To illustrate, today I operate a laboratory which resides within CS department facilities but whose resources are independent of it. They were creatively acquired and enable me to perform not only exploratory research but offer advanced instruction which cannot be done in present OIT-provided educational resources. The essence of what we need is control, which is at odds with the proposed OIT model, and responsiveness, which OIT has no track record of providing. Even if we overcame those barriers, no DRIF provides enough resources to let us procure hosting from OIT for prospective work on frontier areas. I would like to think we could agree that a scholar exploring prospective research ideas in computing would have different needs than an educator interested in ordinary services, yet this is not recognized in the OIT proposal. If adopted, the full weight of what are today ‘off book’ computing activities in support of both research and education would fall onto the departments where, given the budget realities, they are likely to be dropped. CS would not be able to do as much as we do today.

A far superior model for computing on campus would foster growth of OIT as an internal service, which would compete with, but not necessarily assimilate in Borg-like fashion, other operations. Then let each member of the administrative community decide how it prefers to meet its own needs. A little healthy competition will help lower costs and improve responsiveness to mission needs.

2. Computer-based instruction should deploy organically, as its effects and value can be understood, not driven by non-academics to serve their needs.

The OIT-centric mindset in this draft similarly casts technology-intensive education as an inevitability. It should be softened to recognize that perhaps the professoriate, not administrators (many of them non-academics) should make the calls on when and how to involve OIT. The jury is simply out on what is the effect on quality due to use of trendy tech-based content delivery. Undoubtedly technology will help us discover effective ways to prepare our students for the future, but it is too early to adopt a policy which locks us in, and potentially will detract from our mission of excellence. Yes, the visibility of MOOCs and other trends make them exciting, and we understand why leaders want to make one-time investments into technology which purports to shave on-going expenses of delivering content via expensive faculty. But please – let’s exercise some patience and good judgment. Change the draft to sound less like a case for major equipment acquisition today and more like we want to be ready to support experiments in content delivery tomorrow.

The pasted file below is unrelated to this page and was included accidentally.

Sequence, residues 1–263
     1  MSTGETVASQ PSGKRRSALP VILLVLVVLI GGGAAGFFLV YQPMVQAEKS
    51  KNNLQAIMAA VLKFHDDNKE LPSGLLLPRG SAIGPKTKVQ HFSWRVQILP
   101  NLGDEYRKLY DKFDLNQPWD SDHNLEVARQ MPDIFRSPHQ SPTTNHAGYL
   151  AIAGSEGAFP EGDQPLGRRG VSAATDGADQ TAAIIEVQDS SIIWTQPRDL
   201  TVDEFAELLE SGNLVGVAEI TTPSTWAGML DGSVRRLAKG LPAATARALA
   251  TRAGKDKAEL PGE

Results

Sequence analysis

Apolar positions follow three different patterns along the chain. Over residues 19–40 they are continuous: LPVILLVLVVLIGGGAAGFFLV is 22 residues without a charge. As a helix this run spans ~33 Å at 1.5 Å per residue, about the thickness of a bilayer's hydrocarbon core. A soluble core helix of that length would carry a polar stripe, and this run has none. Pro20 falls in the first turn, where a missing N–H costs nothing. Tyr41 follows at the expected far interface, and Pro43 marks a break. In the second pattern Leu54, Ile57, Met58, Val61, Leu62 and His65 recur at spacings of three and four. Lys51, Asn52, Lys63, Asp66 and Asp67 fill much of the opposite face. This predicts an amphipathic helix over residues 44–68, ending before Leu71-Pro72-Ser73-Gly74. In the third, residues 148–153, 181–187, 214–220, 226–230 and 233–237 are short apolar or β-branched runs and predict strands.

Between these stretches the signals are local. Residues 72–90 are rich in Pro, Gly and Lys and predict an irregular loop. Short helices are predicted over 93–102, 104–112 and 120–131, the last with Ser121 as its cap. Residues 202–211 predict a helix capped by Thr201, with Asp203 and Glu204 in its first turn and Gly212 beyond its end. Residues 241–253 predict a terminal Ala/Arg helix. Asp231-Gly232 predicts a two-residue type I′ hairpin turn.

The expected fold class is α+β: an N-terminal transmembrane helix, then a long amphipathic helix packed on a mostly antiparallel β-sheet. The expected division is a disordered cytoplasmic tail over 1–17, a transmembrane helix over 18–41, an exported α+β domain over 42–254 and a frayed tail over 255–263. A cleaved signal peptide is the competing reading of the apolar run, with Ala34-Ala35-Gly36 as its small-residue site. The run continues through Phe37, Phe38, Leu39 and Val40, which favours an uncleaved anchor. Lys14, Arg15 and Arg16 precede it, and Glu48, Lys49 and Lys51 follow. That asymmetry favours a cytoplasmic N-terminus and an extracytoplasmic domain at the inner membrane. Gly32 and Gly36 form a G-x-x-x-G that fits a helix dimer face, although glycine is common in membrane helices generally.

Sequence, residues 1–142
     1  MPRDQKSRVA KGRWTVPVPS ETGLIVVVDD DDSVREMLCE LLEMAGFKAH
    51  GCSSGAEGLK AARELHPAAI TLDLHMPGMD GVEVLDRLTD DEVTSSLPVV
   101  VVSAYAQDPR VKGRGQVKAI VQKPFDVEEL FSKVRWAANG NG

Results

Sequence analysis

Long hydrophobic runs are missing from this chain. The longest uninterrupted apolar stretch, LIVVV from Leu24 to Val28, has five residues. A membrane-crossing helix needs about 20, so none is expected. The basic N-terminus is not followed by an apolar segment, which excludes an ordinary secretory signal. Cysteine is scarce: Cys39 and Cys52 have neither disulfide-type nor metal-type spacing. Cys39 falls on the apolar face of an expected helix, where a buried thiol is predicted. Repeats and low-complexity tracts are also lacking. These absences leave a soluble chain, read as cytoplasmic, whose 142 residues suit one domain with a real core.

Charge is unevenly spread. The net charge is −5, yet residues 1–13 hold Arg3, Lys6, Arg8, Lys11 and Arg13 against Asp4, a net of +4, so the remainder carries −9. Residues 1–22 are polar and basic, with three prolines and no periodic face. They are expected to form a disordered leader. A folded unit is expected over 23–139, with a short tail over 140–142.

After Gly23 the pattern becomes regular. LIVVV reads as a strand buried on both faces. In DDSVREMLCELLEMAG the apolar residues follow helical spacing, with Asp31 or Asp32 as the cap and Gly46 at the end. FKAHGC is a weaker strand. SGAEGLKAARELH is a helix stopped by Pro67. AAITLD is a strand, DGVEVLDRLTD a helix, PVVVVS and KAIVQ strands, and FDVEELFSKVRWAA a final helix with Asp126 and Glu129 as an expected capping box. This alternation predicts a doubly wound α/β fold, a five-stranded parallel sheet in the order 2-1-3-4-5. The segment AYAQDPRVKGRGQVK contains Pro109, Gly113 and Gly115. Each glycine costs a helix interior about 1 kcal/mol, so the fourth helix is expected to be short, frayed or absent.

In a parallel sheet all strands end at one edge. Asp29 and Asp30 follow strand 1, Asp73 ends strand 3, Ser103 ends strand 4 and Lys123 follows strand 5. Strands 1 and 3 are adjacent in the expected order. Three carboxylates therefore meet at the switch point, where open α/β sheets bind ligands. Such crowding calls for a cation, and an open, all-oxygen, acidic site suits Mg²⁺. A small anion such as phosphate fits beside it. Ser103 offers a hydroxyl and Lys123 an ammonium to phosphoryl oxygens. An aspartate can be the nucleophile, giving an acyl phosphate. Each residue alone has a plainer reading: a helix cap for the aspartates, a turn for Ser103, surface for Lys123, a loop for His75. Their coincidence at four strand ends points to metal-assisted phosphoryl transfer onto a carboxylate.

3. Campus should show it can follow its existing strategic plans before making new strategic plans.

The 2008 strategic plan – described as a ten year document and thus still in force – establishes:

“The administration will establish review processes to evaluate the performance of individual units in all divisions in meeting standards for improvement in their quality and effective­ness. We will use state-of-the-art information technology to ensure that institutional data are accurate and available for effective decision making. We will review all academic and administrative approval processes and change them as necessary to ensure that decisions can be made expeditiously and responsibly. Institutional units will provide responsive, customer-oriented services to all constituencies. Annual surveys will monitor the progress made in improving academic and administrative operations.”

Obviously UM’s strategic plans are observed selectively, with administrators free to cherry pick dicta as suits a need of the day, but had the existing language concerning reviews or state-of-the-art IT been treated as fully in force, then not only might we have not needed yet another plan, but we’d have taken note of OIT’s track record on some fronts: